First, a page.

For this week’s selection, I picked a pair of melodramas that had the word “Heaven” in it.

Wednesday Double Feature  a melodramatic slice of HeavenThe first film on my list, All THat Heaven Allows, directed by Douglas Sirk starring Jane Wyman and Rock Hudson. Wyman plays Cary Scot, a well to do, but lonely widow living in a generic New England town. Her life consists of two college age children and some friends in her country club including some men who are interested in her but it does not provide any satisfaction.

In the meantime, she meets Ron Kirby (Hudson) her gardener. A strapping idealist who immediately draws her into his simple life style the two quickly fall in love. But just how long will the opinions of friends and family allow two people or different classes and ages stay together?

This film did an interesting job of looking under the rock of nineteen fifties realism and small town hypocrisy. I was especially drawn in by the Sirk’s use of the bright palette that technicolor provided him. A lot of this doesn’t age very well where a lot of things happening here feel very anachronistic to modern eyes.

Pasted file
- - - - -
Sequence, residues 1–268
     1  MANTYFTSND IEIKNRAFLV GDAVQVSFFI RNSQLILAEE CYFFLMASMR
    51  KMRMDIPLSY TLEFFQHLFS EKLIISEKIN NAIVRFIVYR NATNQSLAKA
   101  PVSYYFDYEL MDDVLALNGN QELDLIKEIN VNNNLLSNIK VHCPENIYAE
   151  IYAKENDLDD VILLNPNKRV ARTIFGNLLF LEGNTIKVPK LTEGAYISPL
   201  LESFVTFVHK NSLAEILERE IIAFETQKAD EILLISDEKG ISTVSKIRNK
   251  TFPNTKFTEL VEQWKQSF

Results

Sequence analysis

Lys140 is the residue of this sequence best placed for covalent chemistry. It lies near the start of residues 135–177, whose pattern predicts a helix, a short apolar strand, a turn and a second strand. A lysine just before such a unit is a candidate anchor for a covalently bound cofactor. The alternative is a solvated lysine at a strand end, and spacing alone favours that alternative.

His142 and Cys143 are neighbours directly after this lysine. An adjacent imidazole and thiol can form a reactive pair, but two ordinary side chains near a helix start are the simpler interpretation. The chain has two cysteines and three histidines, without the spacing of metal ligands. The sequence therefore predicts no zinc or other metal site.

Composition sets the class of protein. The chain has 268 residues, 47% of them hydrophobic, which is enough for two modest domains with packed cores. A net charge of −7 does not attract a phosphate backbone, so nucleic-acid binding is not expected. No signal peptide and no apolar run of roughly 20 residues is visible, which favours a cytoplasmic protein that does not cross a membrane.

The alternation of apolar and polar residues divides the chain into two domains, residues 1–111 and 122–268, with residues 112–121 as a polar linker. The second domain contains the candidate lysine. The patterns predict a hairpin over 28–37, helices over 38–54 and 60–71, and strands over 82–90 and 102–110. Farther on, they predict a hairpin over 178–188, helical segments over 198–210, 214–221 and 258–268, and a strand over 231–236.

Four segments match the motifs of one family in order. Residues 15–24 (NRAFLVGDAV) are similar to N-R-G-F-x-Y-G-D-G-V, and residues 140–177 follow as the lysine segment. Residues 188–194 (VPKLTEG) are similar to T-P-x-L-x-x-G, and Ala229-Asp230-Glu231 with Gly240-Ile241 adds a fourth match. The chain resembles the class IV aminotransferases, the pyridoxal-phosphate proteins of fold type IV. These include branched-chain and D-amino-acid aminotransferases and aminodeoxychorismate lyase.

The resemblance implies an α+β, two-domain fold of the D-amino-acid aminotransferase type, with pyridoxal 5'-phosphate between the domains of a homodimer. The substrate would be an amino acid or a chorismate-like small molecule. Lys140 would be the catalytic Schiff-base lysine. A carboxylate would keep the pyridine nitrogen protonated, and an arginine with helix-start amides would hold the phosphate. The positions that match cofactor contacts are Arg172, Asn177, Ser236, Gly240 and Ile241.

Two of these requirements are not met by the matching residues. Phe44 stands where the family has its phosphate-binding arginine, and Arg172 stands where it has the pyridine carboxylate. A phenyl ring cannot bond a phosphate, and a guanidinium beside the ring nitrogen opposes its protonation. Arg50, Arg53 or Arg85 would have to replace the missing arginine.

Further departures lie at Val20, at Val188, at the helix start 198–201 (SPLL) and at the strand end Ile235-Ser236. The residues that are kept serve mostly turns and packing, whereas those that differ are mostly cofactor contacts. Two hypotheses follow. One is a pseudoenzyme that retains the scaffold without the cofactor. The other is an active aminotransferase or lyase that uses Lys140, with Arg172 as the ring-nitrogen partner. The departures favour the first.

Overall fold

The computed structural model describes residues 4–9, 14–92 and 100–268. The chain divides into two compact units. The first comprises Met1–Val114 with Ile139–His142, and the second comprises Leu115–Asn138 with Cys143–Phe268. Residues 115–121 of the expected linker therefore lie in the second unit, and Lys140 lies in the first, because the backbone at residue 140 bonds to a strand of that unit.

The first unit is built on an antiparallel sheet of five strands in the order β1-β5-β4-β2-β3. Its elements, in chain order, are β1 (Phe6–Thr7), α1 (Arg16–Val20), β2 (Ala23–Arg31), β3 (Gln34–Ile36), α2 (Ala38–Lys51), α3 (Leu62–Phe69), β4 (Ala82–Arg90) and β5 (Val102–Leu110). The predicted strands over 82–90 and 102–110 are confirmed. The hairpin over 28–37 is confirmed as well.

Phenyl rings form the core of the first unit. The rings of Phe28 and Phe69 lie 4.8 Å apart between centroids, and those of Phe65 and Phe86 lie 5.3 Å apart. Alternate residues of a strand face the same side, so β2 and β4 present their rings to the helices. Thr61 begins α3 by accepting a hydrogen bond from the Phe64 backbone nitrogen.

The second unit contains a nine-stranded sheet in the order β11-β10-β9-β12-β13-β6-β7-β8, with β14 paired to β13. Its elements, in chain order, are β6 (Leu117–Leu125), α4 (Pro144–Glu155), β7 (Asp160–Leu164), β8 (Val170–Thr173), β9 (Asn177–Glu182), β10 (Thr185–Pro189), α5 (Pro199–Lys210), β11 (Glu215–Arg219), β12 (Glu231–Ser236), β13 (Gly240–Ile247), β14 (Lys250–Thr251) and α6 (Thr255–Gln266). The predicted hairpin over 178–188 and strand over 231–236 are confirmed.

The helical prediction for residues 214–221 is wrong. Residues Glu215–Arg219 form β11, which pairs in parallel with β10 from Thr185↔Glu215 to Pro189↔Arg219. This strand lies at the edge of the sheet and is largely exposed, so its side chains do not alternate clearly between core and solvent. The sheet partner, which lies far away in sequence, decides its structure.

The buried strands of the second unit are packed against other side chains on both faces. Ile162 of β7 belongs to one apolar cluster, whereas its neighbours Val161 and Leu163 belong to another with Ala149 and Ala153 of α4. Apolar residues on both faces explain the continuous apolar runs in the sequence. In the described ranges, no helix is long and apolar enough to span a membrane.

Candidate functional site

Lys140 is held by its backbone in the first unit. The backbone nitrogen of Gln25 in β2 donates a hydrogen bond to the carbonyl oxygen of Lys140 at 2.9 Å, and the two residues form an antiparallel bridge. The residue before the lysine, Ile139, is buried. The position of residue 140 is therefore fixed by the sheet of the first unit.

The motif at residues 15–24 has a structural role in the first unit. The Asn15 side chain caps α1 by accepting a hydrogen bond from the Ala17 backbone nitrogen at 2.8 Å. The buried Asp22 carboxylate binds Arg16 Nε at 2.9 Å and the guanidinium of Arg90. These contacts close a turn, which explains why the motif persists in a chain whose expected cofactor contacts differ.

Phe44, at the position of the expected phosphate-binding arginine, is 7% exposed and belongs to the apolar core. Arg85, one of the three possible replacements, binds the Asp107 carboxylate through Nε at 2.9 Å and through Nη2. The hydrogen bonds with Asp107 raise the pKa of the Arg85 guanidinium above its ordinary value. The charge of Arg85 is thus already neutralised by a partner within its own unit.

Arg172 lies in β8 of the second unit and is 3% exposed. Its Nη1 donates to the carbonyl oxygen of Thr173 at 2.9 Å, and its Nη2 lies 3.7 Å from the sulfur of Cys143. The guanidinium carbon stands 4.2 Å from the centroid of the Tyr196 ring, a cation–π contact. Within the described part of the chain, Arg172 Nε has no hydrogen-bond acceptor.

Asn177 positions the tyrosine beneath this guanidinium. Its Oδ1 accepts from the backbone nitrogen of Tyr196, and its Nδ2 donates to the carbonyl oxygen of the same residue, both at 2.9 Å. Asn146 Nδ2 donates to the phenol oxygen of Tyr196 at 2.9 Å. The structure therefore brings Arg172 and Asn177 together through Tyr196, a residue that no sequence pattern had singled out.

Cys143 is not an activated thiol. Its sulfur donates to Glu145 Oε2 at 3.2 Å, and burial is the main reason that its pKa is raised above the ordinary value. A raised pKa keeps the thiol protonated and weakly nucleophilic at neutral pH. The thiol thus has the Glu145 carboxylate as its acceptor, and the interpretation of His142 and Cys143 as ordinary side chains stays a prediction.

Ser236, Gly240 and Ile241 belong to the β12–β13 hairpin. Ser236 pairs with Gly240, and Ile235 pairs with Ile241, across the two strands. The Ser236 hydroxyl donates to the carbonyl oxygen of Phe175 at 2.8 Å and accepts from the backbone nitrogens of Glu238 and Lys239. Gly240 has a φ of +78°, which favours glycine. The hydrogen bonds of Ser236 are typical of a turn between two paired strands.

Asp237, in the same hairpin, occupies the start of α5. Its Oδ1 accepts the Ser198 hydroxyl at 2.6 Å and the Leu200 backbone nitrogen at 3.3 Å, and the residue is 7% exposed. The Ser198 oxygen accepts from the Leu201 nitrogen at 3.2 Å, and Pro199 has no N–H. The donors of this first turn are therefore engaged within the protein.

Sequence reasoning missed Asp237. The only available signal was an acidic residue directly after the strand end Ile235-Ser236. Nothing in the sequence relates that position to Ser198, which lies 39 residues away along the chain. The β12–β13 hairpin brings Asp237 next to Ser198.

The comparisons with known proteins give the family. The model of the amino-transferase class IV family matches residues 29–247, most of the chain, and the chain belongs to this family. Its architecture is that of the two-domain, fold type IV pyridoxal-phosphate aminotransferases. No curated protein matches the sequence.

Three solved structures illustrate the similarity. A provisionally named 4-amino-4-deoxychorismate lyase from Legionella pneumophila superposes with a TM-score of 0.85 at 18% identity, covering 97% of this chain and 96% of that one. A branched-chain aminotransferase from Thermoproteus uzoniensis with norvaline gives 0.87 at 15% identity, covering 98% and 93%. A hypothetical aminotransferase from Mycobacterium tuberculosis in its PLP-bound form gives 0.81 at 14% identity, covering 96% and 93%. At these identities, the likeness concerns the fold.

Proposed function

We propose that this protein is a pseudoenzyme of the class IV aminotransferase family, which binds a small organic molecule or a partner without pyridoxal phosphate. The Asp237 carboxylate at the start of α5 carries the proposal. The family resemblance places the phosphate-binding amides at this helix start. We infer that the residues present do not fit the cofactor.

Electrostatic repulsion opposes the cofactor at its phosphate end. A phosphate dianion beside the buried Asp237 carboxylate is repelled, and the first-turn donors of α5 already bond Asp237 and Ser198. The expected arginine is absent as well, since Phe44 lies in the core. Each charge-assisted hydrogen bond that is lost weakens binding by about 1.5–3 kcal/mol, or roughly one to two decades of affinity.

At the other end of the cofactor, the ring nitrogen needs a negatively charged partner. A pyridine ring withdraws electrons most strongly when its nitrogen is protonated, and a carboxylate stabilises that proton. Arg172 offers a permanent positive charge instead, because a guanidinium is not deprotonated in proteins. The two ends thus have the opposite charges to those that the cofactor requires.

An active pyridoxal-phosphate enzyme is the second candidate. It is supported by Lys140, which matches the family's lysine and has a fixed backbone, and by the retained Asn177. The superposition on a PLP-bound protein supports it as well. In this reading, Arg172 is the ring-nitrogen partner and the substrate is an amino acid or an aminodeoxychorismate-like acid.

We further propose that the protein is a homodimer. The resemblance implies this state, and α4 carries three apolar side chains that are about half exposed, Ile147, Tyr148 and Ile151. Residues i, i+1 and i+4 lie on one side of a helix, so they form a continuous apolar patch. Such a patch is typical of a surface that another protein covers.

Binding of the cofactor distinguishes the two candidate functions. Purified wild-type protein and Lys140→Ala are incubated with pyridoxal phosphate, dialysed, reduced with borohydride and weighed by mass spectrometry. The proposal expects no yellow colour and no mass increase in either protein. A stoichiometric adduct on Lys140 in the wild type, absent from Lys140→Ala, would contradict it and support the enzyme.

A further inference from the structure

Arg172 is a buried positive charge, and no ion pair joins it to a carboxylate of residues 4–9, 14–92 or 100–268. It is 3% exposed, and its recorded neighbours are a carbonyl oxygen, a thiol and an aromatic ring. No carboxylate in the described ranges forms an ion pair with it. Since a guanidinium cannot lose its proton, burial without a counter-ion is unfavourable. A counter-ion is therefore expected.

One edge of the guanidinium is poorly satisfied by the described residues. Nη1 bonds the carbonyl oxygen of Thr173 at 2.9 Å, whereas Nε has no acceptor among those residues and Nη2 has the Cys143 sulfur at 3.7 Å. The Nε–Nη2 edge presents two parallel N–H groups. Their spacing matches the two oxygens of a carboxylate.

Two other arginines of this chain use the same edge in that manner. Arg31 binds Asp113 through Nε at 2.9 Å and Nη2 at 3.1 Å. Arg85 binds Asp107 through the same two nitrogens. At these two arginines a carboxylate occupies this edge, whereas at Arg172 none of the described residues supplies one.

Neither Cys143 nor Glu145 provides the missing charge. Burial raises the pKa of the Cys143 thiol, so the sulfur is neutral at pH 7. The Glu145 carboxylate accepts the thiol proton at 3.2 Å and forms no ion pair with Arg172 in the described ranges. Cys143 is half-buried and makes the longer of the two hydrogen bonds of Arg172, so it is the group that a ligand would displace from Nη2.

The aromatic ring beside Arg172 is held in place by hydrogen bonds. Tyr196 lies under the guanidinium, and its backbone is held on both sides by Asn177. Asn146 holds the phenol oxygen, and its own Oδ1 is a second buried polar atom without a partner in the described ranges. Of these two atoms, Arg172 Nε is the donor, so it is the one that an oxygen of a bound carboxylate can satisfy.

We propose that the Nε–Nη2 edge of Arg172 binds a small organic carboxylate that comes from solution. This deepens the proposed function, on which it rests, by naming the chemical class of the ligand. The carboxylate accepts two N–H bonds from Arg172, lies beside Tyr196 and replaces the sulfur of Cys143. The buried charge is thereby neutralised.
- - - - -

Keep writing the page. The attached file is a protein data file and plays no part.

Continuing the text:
Wednesday Double Feature melodramatic slice of human Far From HeavenMy next film Far From Heaven, directed by Todd Haynes, and starring Julianne Moore, Dennis Quaid and Dennis Haysbert. Moore plays Cathy Whitaker a woman who seems to be the perfect fifties housewife. Her life begins to fall a part when her husband, Frank (Quaid) starts going to gay bars (and gets caught) and takes his frustration out on her. As the strain of her marriage begins to overwhelm her she is drawn to Raymond  (Haysbert )a handsome, and black, gardener.

This was a gorgeous film it’s interesting comparing how Haynes is doing his tribute to Sirk here. Sirk creates his palette based on the limitations of technicolor (in a way I found myself reminded of artists like N.C, Wyeth and Howard Pyle who had similar issues compensating for the limits of printing technology at the time. Haynes is mostly imitating Sirk’s style but has access to much better technology, so while is using the same bright color but it has a bit more range and subtly.

While these were both well done I’m afraid I really am not the target audience for this genre. So while I was certainly able to appreciate the craft, watching these was a bit of a chore. But certainly, don’t let my personal taste deter anyone.